‘Mass desertion’ of cars in Germany actually traffic jam in China

A viral message with a picture purportedly showing a mass abandonment of cars in Germany in protest of a fuel price hike is in fact a huge traffic jam in China which happened in 2012 due to a long weekend.

The message which has been circulating on social media spins a story of angry German citizens abandoning their cars in protest after their government supposedly raised fuel prices.

“In just one hour of time people abandoned their cars on the streets and avenues and walked home.

“Over a million abandoned cars. They had to lower the price,” read the message.

However, the image accompanying the message was not shot anywhere near Germany but in fact was taken in China.

According to the online portal of British newspaper The Telegraph, the bumper-to-bumper gridlock captured in the picture took place on the G4 Beijing-Hong Kong-Macau Expressway during the week-long National Day holiday in 2012. Telegraph posted this image on 1st Oct 2012, which reads:

When 1.3 billion people all go on holiday at the same time, a little chaos is perhaps to be expected.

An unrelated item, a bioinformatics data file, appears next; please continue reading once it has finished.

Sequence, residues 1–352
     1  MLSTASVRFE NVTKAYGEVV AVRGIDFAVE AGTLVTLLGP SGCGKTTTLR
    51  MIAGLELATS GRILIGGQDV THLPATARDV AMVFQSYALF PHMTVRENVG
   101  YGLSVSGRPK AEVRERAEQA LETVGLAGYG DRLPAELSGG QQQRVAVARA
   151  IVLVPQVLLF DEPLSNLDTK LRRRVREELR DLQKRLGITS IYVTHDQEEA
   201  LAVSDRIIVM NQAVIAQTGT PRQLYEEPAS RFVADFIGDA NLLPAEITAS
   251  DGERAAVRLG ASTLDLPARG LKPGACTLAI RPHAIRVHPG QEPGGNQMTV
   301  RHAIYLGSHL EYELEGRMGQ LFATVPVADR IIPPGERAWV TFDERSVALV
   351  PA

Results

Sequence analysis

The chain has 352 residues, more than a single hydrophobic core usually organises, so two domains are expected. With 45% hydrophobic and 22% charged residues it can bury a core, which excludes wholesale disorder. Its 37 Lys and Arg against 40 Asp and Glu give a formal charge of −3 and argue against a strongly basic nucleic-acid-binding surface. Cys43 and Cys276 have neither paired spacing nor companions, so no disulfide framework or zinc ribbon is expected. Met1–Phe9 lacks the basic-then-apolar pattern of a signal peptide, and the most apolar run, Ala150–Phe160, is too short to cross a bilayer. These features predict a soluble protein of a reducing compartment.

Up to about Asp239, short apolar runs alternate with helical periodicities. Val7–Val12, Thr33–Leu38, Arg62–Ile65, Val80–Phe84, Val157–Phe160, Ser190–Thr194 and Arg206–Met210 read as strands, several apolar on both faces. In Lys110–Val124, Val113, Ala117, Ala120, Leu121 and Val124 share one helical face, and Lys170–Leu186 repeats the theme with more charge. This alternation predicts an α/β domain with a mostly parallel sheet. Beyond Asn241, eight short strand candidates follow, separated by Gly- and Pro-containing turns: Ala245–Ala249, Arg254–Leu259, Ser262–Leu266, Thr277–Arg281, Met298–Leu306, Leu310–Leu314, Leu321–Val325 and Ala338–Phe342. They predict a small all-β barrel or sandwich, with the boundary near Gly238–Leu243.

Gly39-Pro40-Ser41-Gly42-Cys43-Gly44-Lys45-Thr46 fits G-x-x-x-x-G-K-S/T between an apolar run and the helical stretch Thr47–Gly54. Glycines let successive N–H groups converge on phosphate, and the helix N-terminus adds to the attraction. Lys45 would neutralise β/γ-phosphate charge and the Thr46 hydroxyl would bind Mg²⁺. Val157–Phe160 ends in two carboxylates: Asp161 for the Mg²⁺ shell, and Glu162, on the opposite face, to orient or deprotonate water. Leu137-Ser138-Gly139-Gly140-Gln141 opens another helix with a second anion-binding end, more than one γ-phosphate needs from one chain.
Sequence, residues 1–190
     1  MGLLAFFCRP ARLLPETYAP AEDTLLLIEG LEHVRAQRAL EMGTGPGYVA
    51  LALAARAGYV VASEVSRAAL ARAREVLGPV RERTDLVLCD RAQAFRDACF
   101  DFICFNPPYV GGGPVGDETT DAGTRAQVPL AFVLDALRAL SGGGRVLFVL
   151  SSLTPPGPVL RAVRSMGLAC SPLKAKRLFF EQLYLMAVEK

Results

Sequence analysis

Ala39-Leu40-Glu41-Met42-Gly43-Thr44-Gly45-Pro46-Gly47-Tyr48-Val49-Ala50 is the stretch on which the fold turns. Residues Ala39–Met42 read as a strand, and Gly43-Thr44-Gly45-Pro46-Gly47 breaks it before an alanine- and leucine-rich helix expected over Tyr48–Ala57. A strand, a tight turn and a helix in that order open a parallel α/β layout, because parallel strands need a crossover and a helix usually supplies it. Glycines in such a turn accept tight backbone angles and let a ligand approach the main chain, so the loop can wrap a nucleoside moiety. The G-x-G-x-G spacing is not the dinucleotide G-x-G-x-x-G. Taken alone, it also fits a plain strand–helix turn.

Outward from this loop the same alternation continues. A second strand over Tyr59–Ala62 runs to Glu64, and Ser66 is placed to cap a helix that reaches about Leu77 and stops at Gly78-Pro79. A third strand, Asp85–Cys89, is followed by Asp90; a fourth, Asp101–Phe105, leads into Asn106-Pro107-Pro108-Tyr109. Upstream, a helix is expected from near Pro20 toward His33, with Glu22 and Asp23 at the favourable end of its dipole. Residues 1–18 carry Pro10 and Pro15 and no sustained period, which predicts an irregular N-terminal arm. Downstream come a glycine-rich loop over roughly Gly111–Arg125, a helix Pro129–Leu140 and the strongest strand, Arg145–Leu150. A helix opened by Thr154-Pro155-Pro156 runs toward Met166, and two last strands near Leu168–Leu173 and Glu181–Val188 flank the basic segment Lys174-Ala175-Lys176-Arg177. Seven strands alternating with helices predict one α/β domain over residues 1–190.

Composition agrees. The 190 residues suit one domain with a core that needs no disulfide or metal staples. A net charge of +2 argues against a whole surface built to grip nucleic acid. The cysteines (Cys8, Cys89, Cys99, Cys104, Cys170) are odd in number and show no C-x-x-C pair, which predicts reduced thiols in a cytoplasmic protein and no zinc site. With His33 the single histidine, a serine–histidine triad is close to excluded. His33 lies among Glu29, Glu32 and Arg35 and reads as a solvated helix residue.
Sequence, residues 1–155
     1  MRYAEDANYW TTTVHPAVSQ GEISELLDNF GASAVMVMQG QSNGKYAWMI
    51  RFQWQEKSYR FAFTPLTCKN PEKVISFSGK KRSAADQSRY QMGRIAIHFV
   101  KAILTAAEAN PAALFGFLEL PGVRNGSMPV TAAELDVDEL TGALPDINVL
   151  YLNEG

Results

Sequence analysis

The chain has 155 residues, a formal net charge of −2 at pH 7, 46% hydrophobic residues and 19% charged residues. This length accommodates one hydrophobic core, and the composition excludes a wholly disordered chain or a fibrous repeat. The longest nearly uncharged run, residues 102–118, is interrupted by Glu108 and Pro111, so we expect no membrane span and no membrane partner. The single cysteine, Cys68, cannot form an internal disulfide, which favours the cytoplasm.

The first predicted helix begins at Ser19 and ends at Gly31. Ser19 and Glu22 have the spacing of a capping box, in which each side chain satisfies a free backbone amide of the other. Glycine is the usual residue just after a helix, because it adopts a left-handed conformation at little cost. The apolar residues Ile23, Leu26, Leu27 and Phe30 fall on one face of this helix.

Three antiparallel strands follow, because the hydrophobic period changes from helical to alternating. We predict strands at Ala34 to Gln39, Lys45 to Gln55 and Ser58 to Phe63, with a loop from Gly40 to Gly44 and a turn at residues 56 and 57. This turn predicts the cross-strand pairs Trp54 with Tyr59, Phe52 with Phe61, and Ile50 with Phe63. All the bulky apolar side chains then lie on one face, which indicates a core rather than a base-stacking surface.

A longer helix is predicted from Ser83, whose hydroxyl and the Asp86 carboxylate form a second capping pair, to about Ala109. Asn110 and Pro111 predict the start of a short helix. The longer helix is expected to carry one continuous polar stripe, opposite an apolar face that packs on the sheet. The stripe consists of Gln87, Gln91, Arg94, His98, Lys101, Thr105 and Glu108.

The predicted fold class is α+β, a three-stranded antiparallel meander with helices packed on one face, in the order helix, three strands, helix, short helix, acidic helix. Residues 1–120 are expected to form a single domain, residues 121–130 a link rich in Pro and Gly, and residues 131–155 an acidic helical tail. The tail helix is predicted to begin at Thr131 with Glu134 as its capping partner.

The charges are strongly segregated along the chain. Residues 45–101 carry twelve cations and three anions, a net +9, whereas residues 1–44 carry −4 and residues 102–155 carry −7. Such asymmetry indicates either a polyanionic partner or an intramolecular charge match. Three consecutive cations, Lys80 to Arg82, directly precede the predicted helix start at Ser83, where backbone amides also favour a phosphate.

But it was a generous decision by Chinese politicians to grant free road travel, by suspending motorway tolls, that saw hundreds of thousands of drivers spend the first day of the Mid-Autumn Festival on Sunday in gridlock.

Long tailbacks were reported across the country, with 24 major motorways in 16 provinces effectively transformed into enormous parking lots as 86 million people took to the roads, a 13 per cent increase on last year.

It was the first time in a decade that China’s motorways had been toll-free and many families were keen to take advantage of the largesse to get away during the eight-day national holiday.

Frustrated drivers were spotted walking their dogs along the hard shoulder, playing tennis, dropping to the tarmac to do press-ups, or simply snoozing in their cars. Thousands of mobile phone pictures were quickly posted by drivers onto the internet, and the jams were a trending topic on Weibo, China’s equivalent of Twitter.

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